SPLOST III funded some 469 million dollars worth of projects just for APS from FY 2007 to 2012, including 377 million for construction and renovation.
SPLOST II funded some 460 million dollars worth of projects for APS from FY 2002 to 2007, including 417 million for construction and renovation.
SPLOST I funded some 461 million dollars worth of projects for APS from FY 1997 to 2002, including 322 million for construction and renovation.
Atlanta’s total of all three SPLOSTs for educational capital improvements to date is 1.117 billion dollars, just for construction and renovation. Dekalb, Decatur, and Fulton school systems get their own allocations.
It took APN about three weeks to collect and analyze this information, including some documents obtained through the Georgia Open Records Act; APS did not have a pamphlet prepared.
APS’s most recent document breaking down the SPLOST IV projects, dated May 20, 2011, has a 520 million dollar budget. It is not immediately clear what would be cut given the current generous estimate of 499 million, Smith said.
The SPLOST IV budget includes 270 million for construction and renovation of schools; the remaining budget includes various other upgrades.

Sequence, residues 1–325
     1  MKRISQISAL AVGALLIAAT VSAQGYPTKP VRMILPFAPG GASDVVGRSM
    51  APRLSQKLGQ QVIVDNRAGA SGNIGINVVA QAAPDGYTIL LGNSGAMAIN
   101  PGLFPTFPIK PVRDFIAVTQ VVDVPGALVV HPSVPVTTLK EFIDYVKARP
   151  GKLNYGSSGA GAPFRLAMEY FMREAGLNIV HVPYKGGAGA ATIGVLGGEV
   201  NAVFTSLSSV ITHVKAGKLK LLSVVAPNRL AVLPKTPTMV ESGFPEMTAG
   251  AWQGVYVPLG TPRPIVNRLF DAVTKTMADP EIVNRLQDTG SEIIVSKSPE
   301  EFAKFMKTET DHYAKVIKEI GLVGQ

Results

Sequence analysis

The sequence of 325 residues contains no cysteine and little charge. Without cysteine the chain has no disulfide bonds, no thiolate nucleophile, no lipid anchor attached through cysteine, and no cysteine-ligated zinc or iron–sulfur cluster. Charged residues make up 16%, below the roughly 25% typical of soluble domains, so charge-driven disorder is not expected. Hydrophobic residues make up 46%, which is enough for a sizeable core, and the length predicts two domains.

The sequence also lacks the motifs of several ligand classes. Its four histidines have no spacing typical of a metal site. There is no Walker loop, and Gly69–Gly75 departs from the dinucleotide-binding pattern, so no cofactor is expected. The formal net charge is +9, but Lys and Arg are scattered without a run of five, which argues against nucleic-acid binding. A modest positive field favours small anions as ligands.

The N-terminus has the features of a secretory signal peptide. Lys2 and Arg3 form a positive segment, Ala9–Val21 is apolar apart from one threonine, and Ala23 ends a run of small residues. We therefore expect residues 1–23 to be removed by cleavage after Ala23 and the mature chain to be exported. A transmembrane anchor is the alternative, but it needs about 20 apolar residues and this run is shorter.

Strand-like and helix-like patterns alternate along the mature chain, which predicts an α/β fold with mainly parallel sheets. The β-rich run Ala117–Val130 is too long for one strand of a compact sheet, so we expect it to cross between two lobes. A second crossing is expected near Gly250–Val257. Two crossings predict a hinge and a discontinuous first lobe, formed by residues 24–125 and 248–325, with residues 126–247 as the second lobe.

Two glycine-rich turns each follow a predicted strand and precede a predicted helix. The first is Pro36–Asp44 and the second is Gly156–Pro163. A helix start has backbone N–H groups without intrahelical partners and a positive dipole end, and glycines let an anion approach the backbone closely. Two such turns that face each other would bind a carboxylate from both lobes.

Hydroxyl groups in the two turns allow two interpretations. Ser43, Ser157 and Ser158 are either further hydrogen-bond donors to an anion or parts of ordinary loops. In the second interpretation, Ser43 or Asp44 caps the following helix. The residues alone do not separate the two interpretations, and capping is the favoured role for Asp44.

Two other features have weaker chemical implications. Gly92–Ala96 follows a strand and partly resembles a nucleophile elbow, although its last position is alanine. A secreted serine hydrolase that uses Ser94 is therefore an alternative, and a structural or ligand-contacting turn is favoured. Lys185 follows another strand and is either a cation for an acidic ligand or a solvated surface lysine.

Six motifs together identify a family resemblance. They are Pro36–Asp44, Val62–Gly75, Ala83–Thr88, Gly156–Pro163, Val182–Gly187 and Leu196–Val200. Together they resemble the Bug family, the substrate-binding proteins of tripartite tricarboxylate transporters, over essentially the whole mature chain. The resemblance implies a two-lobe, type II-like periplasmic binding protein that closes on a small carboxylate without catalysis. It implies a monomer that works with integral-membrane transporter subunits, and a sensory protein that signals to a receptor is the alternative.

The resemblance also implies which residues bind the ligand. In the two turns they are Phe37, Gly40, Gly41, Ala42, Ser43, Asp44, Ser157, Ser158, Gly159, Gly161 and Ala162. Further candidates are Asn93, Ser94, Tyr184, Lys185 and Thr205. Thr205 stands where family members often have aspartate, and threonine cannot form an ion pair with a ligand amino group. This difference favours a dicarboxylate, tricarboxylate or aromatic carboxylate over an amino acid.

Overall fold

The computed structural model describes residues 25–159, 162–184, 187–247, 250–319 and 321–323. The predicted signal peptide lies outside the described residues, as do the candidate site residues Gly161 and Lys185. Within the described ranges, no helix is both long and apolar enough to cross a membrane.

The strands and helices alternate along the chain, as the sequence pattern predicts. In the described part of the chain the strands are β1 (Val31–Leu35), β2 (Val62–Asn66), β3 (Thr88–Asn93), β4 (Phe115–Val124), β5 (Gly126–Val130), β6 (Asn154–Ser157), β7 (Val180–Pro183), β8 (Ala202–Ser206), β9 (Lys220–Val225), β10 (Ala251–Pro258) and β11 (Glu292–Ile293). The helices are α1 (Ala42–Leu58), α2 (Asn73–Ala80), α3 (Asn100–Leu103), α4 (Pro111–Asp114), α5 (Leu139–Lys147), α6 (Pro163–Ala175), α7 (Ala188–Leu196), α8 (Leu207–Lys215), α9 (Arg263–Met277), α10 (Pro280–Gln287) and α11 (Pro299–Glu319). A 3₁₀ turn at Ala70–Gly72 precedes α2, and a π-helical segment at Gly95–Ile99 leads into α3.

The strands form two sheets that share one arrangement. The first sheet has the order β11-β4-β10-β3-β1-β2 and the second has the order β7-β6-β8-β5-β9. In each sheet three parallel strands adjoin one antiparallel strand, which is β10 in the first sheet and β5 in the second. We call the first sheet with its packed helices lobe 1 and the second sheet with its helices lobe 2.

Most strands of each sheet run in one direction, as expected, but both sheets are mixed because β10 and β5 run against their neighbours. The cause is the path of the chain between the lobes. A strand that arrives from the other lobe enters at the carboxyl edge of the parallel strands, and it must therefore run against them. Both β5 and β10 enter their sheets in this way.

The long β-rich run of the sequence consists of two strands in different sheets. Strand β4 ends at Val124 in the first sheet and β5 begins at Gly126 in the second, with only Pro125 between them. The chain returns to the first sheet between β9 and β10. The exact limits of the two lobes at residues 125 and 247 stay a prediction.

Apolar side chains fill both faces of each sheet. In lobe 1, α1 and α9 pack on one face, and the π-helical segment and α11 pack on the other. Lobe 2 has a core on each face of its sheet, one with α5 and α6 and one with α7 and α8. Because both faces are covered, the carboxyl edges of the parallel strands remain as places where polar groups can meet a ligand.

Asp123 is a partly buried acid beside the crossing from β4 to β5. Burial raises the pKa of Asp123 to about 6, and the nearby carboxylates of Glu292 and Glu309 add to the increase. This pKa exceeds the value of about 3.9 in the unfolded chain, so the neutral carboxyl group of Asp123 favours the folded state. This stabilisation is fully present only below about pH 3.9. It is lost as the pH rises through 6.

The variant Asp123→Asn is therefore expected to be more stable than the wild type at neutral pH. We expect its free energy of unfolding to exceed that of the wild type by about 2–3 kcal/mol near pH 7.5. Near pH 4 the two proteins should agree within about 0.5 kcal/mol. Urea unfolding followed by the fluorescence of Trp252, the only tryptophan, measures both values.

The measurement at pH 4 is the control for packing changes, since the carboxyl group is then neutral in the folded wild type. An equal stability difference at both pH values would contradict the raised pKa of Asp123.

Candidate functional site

It includes three new schools: Midtown Middle (30 million dollars), North Atlanta Elementary (16 million dollars), and North Atlanta High.
North Atlanta High’s improvements have already been paid from proceeds of the Certificates of Participation (COPS). However, APS’s SPLOST IV budget includes payments of 6.5 million dollars per year for five years to retire COPS debt for the project, totaling 32.5 million dollars.
According to a poll commissioned by Blogging While Blue, a blog run by former Mayor of Atlanta Shirley Franklin, from June 01 through 05, 2011, voters are supportive of renewing the tax.
64 percent of a sample of voters polled were in favor of SPLOST IV, 32 percent were opposed, and 4 percent were unsure.
Mayor of Atlanta Kasim Reed did not support the renewal of SPLOST IV, and told the Atlanta Journal-Constitution newspaper in February 2011 that he would have preferred APS to forgo renewal of SPLOST IV so that voters would be more inclined to support the Regional Transportation SPLOST which will be on the ballot in July 2012.